The DNA and protein factors which regulate the expression of eukaryotic genes are being studied at multiple levels, using the yeast Saccharomyces cerevisiae. This simple, single-celled eukaryote offers extensive classical genetic approaches, all of the advantages of recombinant DNA technology, and the simplicity of a eukaryotic microbe.
The genes under study encode isoenzymes involved in alcohol metabolism, a small family of highly homologous alcohol dehydrogenase (ADH) enzymes which differ in physiological function, cellular location, and genetic regulation. The intracellular concentration of these enzymes is controlled at the transcriptional level by metabolites, regulatory proteins, and cis-acting DNA sequences. Identification of the DNA sequences mediating expression and regulation of these genes has been accomplished by isolating and characterizing mutants with altered gene expression. Exact gene replacement allows new combinations of genetic elements to be tested in their correct chromosomal environment.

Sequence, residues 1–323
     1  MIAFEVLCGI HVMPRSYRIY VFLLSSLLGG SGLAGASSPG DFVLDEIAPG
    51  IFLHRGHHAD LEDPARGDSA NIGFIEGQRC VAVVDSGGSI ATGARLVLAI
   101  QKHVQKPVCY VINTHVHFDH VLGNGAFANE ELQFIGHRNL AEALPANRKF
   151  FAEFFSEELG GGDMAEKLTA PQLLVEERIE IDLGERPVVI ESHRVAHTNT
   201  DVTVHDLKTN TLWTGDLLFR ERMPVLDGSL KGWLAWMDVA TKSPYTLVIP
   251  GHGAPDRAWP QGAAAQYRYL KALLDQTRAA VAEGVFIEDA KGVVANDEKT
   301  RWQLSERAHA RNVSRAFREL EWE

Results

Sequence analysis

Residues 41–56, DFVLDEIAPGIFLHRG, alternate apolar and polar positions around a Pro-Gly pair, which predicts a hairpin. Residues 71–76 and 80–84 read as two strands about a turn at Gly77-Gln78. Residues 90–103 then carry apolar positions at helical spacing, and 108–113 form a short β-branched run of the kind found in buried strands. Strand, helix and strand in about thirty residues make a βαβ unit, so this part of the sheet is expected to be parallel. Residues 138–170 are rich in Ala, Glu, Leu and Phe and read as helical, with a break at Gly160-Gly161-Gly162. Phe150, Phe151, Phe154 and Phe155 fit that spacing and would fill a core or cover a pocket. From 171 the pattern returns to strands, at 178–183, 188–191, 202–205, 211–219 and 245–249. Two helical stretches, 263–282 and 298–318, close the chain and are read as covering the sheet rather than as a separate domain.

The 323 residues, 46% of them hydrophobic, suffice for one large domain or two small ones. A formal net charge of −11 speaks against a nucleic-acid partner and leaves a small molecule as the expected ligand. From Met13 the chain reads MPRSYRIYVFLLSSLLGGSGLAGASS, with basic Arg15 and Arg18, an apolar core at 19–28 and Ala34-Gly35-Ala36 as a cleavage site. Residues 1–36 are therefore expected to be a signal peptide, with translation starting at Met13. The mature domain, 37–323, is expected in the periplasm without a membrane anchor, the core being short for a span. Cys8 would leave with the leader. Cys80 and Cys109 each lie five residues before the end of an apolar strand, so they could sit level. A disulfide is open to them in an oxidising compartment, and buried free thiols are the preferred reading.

Dr. Young's group has cloned the genes encoding several transcription factors essential for expression of the ADH genes. One of these is a member of the class of proteins whose DNA-binding domain is dependent on Zn2+. The structure of the DNA binding domain of this protein is being studied by high resolution NMR in colgrouporation with Dr. Rachel Klevit. This factor binds DNA in a novel way: Two monomers independently bind to adjacent sites with dyad symmetry.
The basis of DNA binding specificity by zinc fingers is being studied using genetic and biochemical approaches. Designer DNA binding proteins are being made that will have novel properties that will allow these proteins to be targeted to unique sequences in complex genomes. The transcription activation function of this protein is regulated in part by phosphorylation-dephosphorylation carried out by a cAMP-dependent protein kinase. This enzyme appears to transduce the intracellular signal from the plasma membrane to the nucleus, where it modifies the transcription factor to an inactive state. In its active state the transcription factor appears to interact with at least one other protein which binds to an adjacent site on the DNA. This interaction provides a synergistic activation of transcription.